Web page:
Picmonic: A Cursory Review

When I heard about Picmonic, I actually let out a little yelp of excitement and anger. Excitement because I wish I had such a tool while I was in the first and second year of medical school; anger because I thought about building just such a company about a hundred times but never went through with it. Picmonic was developed too late for my first years of medical school, but I keep hearing great things about it from our medical students. Because of all the buzz, I recently downloaded their trial software to test it out and I am impressed. The idea behind Picmonic is to develop absurd images in order to help memorize difficult to understand concepts. Each Picmonic image contains a number of important pearls that should be memorized. Picmonic walks the learner through the image to highlight each pictoral 'mnemonic'. The staff at Picmonic were kind enough to send us their image for clindamycin [shown below]. In this way, any time a student is placed in a situation (in the hospital or on an exam) where he/she must remember these important concepts, the absurd image will pop right into their head, increasing memory recall.


Increased memory retention using absurd images is actually a well-known phenomenon in teaching organizations. In fact, the best memorizers in the world often use abstract and absurd imagery to memorize lists of random words and numbers. The developers at Picmonic openly state that their software increases memory retention by "300%" and may increase scores on exams by "50%". These numbers seem a bit outrageous, but they recently published their results in a peer reviewed journal (pub med link) and they seem to have some evidence to support their claims. Thousands of medical students are using their software and I have never heard anyone unhappy with the purchase. Some use it far more than others, but everyone who purchases the resource appears to be quite happy. Of course, the utility of this type of device is likely more useful to those students who are more visual, but its effect on memory retention is likely to be universal.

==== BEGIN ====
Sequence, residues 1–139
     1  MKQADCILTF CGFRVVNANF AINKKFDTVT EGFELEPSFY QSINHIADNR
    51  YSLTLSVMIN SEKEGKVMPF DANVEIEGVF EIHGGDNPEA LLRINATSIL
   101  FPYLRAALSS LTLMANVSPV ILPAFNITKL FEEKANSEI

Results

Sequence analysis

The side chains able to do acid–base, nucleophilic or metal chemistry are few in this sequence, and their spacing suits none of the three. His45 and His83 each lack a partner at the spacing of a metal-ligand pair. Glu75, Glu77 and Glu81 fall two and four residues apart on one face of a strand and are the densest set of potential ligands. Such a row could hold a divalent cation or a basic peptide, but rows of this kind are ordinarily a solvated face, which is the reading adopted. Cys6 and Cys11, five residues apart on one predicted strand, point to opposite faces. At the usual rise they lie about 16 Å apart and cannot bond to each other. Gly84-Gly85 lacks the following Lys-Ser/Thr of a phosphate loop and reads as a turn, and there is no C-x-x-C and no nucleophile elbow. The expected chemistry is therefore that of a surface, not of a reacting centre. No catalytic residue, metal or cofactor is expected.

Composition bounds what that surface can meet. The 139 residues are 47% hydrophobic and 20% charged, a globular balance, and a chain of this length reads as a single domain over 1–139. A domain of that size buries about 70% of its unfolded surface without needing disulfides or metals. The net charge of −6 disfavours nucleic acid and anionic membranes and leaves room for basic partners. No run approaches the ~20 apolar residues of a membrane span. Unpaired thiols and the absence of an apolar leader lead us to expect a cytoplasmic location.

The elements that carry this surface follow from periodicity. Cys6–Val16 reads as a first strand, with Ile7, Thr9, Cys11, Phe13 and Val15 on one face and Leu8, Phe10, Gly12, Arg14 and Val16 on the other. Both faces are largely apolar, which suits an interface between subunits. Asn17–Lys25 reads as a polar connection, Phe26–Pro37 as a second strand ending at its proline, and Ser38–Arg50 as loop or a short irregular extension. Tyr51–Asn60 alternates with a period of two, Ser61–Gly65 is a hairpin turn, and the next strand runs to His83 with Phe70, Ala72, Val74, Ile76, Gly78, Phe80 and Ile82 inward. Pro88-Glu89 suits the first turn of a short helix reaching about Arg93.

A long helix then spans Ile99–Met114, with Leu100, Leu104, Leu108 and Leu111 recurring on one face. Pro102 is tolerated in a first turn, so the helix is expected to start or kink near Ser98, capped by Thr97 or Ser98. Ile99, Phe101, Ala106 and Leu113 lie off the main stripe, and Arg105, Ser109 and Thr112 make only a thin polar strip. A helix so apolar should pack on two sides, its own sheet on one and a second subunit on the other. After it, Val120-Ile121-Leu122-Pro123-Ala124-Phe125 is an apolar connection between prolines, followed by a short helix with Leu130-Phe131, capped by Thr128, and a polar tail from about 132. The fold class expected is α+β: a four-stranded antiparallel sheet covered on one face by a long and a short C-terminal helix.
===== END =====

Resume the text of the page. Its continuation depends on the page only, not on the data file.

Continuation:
If you haven't tried it out, go to their website, www.picmonic.com, and download their free trial. This is a great resource.


  1. Sebastian

    Picmonic is a great resource, however the cost of these types of resources are always very expensive. To counter this, we have launched a website that allows students to freely share and view image based and video based mnemonic devices much like Picmonic, but student made. If you enjoy Picmonic or draw your own mnemonics our site is worth checking out. We have just launched it at http://www.doctoredimagesmd.com

    1. Andrew

      Wow, this looks like a very exciting idea. Thanks for sharing.

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